Thursday, November 25, 2021

Various Artists - Gypsy Creams & Ginger Nuts; Sounds That Swept the Supermarkets (@320)


Gypsy Creams & Ginger Nuts: Sounds That Swept the Supermarkets Review by Richie Unterberger.

The British Rediffusion company recorded quite a bit of music intended for background in environments such as supermarkets, releasing much but not all of it commercially. This unusual -- to say the least -- compilation has 25 such tracks from 1968-1974, assembled not as Muzak of sorts for exploitation LPs or other purposes, but as a widely available CD geared toward avid collectors, complete with fine historical liner notes and vintage album illustrations. Muzak is really too harsh a word for this, as it might, particularly in the mind of U.S. listeners, be associated with middle-of-the-road orchestrated instrumentals heard in elevators and such. The cuts on this disc, largely instrumental, specifically reflected the tone of the times, with plenty of influences from psychedelic rock, funk, and soul-jazz. Quite often it sounds like session cats letting their hair down and jamming away on basic grooves. But though it's much wilder relative to what listeners think of as Muzak, background music, or "library music" as it's sometimes referred to in the U.K., it's not really that wild. It's still background music for certain moods, likely for swinging bachelor pads trying to latch on to the coattails of the changing times. So while much of this is acceptable in a Swinging London "go-go mashing up against funk-psych" sort of way, it's probably not going to excite many outside of the circle that collects this sort of incidental music. There are some fairly hot, frenetic organ riffs; Harry Stoneham's "Next of Kingsleigh," for instance, will likely appeal to fans of the likes of Brian Auger. To a lesser degree, there's also some reasonably energetic guitar work with period touches of wah-wah and psychedelic distortion, and even an attempt to mimic a Jackson 5 backing track on Pete Moore's "Solar Wind." The tunes themselves, however, usually aren't that striking, and there are still some traces of MOR pop in the melodies, and in the horn arrangements in particular. Though it wouldn't come as a surprise to learn that some fairly well-known musicians might have been involved in these sessions to pick up some extra cash, the only such connections established with this particular group of tracks are with the British hit songwriting team Ken Howard and Alan Blaikley (who lend their name to the Howard Blaikley Orchestra's cover of "Hold Tight," a U.K. hit for Dave Dee) and Vic Flick (famous as the twanging guitarist for James Bond soundtrack music).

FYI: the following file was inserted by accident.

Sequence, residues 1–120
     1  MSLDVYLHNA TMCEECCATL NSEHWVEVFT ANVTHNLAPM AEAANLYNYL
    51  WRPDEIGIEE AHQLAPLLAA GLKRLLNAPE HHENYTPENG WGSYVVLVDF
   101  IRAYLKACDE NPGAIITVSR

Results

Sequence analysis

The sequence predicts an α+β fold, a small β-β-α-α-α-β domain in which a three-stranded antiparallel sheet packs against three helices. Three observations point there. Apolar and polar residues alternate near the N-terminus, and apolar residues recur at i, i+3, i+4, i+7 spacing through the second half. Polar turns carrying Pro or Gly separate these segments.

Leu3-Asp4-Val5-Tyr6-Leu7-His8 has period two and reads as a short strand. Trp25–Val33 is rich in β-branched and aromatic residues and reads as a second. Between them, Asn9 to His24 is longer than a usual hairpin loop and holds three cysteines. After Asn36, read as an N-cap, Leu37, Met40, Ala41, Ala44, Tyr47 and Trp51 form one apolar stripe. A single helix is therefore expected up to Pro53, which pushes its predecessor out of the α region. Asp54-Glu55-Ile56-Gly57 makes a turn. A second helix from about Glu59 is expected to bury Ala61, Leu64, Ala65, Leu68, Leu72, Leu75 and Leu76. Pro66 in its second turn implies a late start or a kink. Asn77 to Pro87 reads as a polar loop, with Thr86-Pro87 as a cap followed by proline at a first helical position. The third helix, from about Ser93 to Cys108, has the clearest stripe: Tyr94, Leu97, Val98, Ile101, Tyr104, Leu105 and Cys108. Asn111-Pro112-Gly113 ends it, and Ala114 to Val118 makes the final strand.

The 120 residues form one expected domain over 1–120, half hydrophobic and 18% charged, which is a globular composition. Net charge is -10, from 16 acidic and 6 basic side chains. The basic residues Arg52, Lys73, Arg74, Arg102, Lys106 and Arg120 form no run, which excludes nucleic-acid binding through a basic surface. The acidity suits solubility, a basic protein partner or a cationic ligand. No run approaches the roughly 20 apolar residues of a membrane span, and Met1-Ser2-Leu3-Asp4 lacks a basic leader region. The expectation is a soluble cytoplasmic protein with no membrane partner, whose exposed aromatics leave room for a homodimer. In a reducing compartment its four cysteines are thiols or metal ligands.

1            –Alan Moorhouse           Some Other Time

2            –Vic Flick Sound*            The Cutter

3            –Pete Moore     Take Eight

4            –Val Merrall      Flash

5            –Harry Stoneham            Next Of Kingsleigh

6            –Harry Stoneham            Let's See Action

7            –Val Merrall      Open House

8            –Howard Blaikley Orchestra               Hold Tight

9            –Men About Town               Norwegian Wood

10          –Pete Moore     Solar Wind

11          –Rosetta Hightower               Friendship Train

12          –Pete Moore     The Fat Man

13          –Pete Moore     Steptoe And Son

14          –Vic Flick Sound*               Cubanana

15          –Tony Evans      Spoofin

16          –Sounds Like Soul           Son Of A Preacher Man

17          –Harry Stoneham            Soul In Space

18          –Pete Moore     Cat Walk

19          –Pete Moore     For What It's Worth

20          –Tony Osborne John & Paul

21          –Harry Stoneham            Goofy

22          –Harry Stoneham            Rumbo

23          –Tony Evans      Gypsy Cream

24          –Harry Stoneham            Martini

25          –Harry Stoneham            Rough Riding



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